Help me to speeded up my recovery with brain excer... - Headway


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Help me to speeded up my recovery with brain excercises please as I read on here someone did&ziti WORKED😱❤️


Hi I need help with brain injury recovery, I read on here that SOMEONE had great tips & didn’t feel dizzy spells when standing up, is there anyone has TIPS in improving DIZZYNESS& reaction times. Is there any things I can do at home that they were advised by some specialist , I had my TBI in jan 2013 & dizzyness especially DOESENT seem to be going AWAY I need need to speed up this recovery ASAP. Speak soon &thanks for taking time to read.

19 Replies

These guys may have some answers/resources for you:


If it was me my vision therapy helped with my balance. This was a6 week course of therapy i paid for and gave me lots of different eye/ coordination exercises to do on a daily basis.

This website should be able to explain more for you, i think they outline many of the more common exercises undertaken:


I was referred to a neuro otology (balance) clinic and after assessment of the cause was prescribed vestibular exercises. Went to the clinic for reviews for a couple years I think. Did get some improvement but the cause of my problem was such that they couldn't totally resolve my balance problems. I still go splat but not as often. My problem is that I am visually dependent for my balance and in reduced light or vision obscured by carrying a box or something then I become unsteady and liable to fall. At night I use a walking stick. Also if I am cognitively overwhelmed then that affects my balance as well. I would suggest that you find out if your nhs has a balance clinic because depending on the cause of the problem it will differ as to what will help.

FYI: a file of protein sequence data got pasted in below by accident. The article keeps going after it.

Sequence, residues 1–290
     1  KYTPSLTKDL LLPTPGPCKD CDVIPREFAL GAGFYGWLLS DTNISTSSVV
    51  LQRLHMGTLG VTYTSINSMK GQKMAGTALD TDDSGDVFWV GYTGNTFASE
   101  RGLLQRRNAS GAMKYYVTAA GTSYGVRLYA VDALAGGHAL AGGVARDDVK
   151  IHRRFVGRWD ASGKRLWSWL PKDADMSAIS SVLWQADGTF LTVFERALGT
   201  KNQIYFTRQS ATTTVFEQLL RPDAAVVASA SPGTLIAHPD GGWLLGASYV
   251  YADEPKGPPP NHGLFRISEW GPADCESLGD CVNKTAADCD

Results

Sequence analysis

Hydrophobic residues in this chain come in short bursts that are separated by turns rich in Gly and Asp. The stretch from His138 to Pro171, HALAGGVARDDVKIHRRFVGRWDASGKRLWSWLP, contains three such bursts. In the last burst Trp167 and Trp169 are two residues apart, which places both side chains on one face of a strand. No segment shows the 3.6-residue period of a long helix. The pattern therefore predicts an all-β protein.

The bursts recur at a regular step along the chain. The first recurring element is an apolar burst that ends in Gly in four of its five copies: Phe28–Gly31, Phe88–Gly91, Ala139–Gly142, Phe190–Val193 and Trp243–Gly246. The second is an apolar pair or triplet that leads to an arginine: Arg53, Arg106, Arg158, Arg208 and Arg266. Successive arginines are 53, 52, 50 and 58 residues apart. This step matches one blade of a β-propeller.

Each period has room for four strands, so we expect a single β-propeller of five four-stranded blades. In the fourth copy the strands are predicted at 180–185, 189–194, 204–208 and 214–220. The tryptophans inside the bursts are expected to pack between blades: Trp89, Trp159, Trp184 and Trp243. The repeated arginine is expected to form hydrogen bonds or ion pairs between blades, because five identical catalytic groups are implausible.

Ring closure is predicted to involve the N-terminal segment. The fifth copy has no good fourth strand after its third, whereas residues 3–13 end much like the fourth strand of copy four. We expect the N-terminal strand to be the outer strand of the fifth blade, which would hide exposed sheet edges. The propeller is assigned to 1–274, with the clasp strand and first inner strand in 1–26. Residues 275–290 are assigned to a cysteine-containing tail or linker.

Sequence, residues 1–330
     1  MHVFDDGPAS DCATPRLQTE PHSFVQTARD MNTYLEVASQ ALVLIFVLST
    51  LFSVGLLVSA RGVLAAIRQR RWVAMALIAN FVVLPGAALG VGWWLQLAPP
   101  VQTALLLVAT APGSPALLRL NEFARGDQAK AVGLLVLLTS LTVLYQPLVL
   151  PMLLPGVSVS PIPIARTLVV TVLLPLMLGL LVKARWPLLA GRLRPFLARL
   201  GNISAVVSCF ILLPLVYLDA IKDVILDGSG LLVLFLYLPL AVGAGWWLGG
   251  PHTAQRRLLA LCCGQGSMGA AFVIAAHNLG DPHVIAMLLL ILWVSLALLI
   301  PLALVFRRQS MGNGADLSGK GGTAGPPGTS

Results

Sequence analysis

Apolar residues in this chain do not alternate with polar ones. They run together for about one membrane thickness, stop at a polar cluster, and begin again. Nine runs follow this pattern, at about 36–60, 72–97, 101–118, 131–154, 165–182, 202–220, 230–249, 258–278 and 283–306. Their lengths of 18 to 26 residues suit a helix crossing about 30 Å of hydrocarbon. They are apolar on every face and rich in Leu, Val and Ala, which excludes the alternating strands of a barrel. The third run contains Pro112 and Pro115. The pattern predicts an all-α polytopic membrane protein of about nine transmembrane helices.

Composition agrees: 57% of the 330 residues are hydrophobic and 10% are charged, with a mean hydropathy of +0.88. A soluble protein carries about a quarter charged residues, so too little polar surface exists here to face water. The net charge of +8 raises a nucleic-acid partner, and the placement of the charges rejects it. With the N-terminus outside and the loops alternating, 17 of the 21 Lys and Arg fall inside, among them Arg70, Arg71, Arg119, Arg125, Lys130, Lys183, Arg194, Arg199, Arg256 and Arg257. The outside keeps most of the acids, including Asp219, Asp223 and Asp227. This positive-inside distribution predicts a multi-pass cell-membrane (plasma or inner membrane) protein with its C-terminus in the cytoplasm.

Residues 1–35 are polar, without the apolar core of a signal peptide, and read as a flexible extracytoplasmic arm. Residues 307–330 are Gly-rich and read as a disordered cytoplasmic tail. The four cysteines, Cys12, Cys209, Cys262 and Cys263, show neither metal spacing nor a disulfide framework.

Did you find the Vestibular exercises helpful, my sons eyesight has been damaged by his TBI prior to his accident he didn't have any issues with his sight (that we were aware of) - he had gone all way through school and college and nothing was every picked up. One of the first weekends he came home for a visit his long standing OT took him on the in bus to supermarket and she said he could not see the bus until it was on top of him, also in the supermarket he struggled to find things.

We noticed rehab he was walking into things, and he was referred to Ophthalmology clinic. We have seen two Ophthalmologists, an Orthoptist and been to Opticians. He now has glasses with very strong prescription for his left eye and a small one for his right. He has very poor peripheral vision on his left side.

My OT (who is amazing) has researched Vestibular exercises and found that they can have an impact on the muscles that impact vision.

The Ophthalmologist was quite skeptical and said that you are legally allowed to drive with just one eye - which I found very unhelpful, as Josh already had a learning disability pre-accident and the damage to his eyes is an added challenge for him.

We went for a follow up appointment with Neurologist who he was under in rehab, he dropped the bombshell on me that he felt Josh would never be able to go out again by himself or be left alone.

Its been 7 months since his accident and we have had Mencap support workers in whilst we work, he has just started back at college one day a week, and because of the progress we had agreed a cut to his care package. His OT planned to restart transport and road safety training with him next month, but this comment has really unsettled me.

David2019 in reply to dam0309